In high school, she said, she “had an automatic seat at the cool kids’ table.” She was known for her crazy, uninhibited dancing at parties. She hiked, she kayaked and she was good enough at soccer to earn a spot on a professional-development team. On her Facebook page, she can be seen photobombing group shots on snowboarding trips by sticking her tongue out at the camera. She always assumed she’d marry, have kids and work as a nutritionist.
When I asked Tori what made her stray from this path to become a nun, her whole demeanor changed. Her face got pinker, and she looked almost shy. She asked if she could read the full story to me from her prayer journal. This was too important to discuss extemporaneously.
One afternoon when she was a senior at her all-girls high school, Tori found herself drawn to the chapel. She wasn’t deeply religious growing up, and the chapel was a space she usually avoided: small and dark and silent, with uncomfortable knee-high prayer stools. But on that day, as she sat to pray, a thought occurred to her that was so unbidden and forceful “that I stood up from my seat and physically ran. I mean, I ran out of the chapel. I was so filled with fear.” The thought: What would it be like to wear a nun's habit?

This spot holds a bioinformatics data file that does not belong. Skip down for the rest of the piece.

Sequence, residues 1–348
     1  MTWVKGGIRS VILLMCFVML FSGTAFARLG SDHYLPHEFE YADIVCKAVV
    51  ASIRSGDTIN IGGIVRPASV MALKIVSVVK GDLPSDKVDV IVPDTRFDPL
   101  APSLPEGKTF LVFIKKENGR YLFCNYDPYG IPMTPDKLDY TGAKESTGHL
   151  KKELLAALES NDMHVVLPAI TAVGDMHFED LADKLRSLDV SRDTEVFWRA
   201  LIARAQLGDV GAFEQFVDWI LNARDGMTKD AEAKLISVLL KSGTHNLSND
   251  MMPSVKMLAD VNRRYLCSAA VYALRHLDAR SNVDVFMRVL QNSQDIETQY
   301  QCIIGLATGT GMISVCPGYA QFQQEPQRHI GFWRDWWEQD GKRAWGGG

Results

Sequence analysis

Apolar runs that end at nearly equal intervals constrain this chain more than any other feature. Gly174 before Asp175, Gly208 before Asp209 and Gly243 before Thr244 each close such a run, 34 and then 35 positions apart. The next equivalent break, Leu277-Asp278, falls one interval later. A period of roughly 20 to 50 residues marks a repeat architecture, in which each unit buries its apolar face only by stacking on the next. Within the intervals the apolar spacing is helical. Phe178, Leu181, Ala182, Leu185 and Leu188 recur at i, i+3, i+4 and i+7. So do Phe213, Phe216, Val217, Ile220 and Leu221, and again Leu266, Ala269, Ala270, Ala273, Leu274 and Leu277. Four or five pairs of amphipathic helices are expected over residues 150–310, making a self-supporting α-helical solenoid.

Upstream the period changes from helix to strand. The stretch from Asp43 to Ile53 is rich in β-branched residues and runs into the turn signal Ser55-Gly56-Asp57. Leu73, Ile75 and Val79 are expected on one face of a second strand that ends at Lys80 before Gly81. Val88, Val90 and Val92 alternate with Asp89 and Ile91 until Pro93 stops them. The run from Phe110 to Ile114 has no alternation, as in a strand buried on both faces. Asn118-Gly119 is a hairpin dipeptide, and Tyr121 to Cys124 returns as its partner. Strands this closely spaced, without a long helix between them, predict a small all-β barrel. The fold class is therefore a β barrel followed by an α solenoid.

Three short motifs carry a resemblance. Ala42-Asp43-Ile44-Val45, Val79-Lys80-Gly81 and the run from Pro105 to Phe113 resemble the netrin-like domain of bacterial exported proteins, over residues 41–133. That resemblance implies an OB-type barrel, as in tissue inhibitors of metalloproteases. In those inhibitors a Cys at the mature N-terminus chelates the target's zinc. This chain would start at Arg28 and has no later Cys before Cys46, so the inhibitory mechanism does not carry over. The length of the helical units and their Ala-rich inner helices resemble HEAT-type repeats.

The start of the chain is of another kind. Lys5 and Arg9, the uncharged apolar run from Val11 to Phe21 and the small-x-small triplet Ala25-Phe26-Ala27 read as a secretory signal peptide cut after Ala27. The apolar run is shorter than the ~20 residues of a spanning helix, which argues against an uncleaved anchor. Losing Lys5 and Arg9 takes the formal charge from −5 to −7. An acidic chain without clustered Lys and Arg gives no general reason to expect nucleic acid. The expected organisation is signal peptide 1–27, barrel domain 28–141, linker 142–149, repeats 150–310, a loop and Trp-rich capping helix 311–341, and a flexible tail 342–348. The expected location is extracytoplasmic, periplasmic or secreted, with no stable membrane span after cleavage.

She didn’t want to be a nun, she explained. But in the ensuing years, she just couldn’t get the vision out of her head. In the goalie box, putting on strapless dresses for dances—she kept seeing herself in a black veil.
And then one day, at a chapel on her college campus, she heard His voice.
“What does it sound like?” I asked her.
“It doesn’t sound like anything. I just knew it was Him,” she said. And His message was clear: “Evangelize.”
Tori put down her prayer journal, looked up and started to laugh. She said she expected this story must sound “crazy” to me. She didn’t seem to mind. Discerning the religious life, she explained, is “a process of falling in love.”